5000 Exoplanets

Watch and listen to the discovery of the first 5000 exoplanets

On March 21, 2022, the official count of known exoplanets passed 5000! To celebrate, NASA asked us to animate the planet discoveries in time and convert them into music. A circle appears at the position of each exoplanet as it is discovered with a colour that indicates which method was used to find it (see below). The size of the circle indicates the relative size of the planet’s orbit and the pitch of the note indicates the relative orbital period of the planet. Planets with longer orbital periods (lower orbital frequencies) are heard as low notes and planets with shorter orbital periods (higher orbital frequencies) are heard as higher notes. The volume and intensity of the note depends on how many planets with similar orbital periods were announced at the same time. The discovery of a single planet will be quiet and soft while the discovery of many planets with similar periods is loud and intense. You can also experience the animation as a 360° video.

Radial Velocity (Pink), Transit (Purple), Imaging (Orange), Microlensing (Green), Timing Variations (pulsar, transit, eclipse, pulsation) (Red), Orbital brightness Modulation (Yellow), Astrometry (Grey), Disk Kinematics (Blue)

The earlier version created for the discovery of the first 4000 exoplanets was featured as the Astronomy Picture of the Day on July 10, 2019 and has been viewed by over 1 million people on Youtube and Instagram! Check out the fantastic article about it by Phil Plait for Bad Astronomy and an excellent video explanation by Anton Petrov!

Full sky map of known exoplanets
The positions of all known exoplanets as of March 21, 2022. This is a full sky map with the Milky Way across the horizonal.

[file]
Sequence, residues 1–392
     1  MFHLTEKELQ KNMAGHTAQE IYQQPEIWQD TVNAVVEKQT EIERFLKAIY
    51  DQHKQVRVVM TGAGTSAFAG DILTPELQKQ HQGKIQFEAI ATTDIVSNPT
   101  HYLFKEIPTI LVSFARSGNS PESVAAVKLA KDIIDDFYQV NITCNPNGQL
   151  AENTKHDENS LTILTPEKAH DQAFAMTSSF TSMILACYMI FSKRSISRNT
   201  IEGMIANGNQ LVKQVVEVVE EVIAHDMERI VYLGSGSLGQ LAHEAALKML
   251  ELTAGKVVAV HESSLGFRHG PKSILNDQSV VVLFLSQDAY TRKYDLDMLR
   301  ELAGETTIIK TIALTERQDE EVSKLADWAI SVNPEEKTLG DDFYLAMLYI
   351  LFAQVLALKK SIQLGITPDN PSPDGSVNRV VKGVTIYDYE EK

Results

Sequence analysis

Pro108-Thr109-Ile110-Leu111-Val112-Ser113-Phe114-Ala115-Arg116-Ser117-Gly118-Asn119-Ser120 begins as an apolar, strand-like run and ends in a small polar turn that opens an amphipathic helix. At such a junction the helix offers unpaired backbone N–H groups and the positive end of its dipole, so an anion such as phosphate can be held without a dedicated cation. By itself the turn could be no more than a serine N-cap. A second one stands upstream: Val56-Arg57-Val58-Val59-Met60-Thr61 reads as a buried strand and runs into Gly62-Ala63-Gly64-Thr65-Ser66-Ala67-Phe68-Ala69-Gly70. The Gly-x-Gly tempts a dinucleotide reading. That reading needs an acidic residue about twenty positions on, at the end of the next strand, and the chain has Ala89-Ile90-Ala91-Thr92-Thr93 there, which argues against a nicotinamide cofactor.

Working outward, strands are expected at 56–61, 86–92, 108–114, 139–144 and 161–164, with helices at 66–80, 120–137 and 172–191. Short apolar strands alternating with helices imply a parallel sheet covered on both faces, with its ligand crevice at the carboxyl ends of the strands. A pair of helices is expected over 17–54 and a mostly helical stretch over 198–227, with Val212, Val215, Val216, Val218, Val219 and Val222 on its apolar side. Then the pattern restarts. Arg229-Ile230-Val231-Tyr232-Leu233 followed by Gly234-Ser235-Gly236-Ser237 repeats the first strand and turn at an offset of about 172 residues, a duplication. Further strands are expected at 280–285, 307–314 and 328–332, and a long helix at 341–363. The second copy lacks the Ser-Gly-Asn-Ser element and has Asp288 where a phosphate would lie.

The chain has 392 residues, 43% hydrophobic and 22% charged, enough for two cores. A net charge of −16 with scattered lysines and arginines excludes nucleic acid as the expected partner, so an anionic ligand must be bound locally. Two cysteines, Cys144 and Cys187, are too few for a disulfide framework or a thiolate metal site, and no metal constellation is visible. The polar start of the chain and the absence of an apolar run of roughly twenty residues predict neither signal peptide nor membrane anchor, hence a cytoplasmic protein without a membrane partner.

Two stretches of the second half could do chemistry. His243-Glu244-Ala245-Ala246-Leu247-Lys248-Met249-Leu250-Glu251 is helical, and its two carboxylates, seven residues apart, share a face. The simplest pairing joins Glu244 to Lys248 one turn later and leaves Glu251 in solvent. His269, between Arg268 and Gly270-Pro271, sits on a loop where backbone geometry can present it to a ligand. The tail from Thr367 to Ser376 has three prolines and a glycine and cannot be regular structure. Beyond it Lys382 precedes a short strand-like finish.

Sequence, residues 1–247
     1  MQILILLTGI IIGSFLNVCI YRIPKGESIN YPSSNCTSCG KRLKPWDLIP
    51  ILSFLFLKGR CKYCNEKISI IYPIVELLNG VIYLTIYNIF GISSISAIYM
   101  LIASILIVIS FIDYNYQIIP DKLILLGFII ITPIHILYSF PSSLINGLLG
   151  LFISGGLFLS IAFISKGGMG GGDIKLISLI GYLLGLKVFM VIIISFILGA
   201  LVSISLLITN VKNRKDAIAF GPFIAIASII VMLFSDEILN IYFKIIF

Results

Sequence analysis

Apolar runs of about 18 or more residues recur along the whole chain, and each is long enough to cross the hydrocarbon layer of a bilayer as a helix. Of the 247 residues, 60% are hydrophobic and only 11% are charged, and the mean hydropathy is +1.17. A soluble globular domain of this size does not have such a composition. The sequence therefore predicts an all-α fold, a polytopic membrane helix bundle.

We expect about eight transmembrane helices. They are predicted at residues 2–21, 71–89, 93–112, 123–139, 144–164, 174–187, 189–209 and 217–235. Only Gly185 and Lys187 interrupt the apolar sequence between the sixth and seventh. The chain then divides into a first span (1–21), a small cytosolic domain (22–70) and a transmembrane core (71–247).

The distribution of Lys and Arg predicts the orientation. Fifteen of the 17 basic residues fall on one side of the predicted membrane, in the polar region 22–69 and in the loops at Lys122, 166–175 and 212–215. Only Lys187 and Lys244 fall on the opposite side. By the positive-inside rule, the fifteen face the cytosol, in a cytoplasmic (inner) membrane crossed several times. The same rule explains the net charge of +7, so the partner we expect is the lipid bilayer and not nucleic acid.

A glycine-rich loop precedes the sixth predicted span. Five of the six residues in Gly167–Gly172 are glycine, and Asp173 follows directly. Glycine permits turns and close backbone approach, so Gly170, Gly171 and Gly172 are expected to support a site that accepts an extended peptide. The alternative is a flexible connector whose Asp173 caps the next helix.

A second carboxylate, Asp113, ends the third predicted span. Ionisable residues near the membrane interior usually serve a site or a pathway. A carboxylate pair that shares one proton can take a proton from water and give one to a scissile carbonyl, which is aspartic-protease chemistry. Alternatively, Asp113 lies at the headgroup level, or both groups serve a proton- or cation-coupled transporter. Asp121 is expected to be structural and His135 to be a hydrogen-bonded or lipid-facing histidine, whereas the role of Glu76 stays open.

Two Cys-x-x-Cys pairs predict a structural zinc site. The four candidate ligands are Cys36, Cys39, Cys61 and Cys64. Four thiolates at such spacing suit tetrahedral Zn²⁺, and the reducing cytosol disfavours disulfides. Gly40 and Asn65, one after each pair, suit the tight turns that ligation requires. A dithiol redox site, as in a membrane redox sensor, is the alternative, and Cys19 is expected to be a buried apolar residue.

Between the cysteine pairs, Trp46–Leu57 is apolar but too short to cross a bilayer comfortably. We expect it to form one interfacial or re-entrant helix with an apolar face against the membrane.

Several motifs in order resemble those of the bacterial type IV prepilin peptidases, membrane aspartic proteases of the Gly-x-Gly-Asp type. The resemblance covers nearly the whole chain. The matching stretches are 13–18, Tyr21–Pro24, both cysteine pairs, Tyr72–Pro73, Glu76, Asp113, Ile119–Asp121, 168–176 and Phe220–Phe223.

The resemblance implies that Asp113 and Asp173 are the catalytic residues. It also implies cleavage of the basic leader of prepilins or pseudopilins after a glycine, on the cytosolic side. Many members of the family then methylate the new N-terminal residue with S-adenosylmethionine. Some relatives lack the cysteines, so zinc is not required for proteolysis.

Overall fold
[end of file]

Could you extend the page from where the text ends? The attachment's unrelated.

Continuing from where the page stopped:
Some of the many interesting things that are visible (and audible) in the video:

  • Jan. 1992: first exoplanets confirmed, a pair orbiting a pulsar (PSR B1257+12). These were found by looking at the variations they caused in the timing of the pulsars pulses. 
  • Apr. 1994: a third planet is found orbiting the same pulsar
  • Nov. 1995: first exoplanet found orbiting a normal star, a hot Jupiter named 51 Pegasi b. Its extremely short orbital period of 4.23 days is heard as a high note.
  • Most early detections used the radial velocity method (pink). These were typically large planets on small orbits.
  • Later on, the transit method (purple) took the lead with the Kepler telescope finding over 2600 exoplanets.
  • Kepler stared in a particular direction during its first run so all the planets it found during this time are in the same narrow patch, the Kepler field of view (upper left)
  • Feb. 2014: 715 new Kepler planets announced
  • May 2016: 1284 new Kepler planets announced
  • 2014: Kepler begins its ‘second light’, called K2. Planets found by the K2 mission are in small patches along the ecliptic, the plane of the Earth’s orbit around the Sun (eye level in the 360° version and horizontally across the middle of the frame in the full sky version).
  • Planets found with gravitational microlensing (cyan) appear near the galactic center since this method relies on having many background stars so that some will align with closer planetary systems.
  • Planets found with direct imaging (orange) have very large orbits (long orbital periods and low notes) since this is what allows them to be distinguished from their brighter stars.
  • This is just the start! The TESS mission which is currently collecting data is expected to find 20 000 new exoplanets over the next few years. What will that sound like?

Banner image by ESO/M. Kornmesser.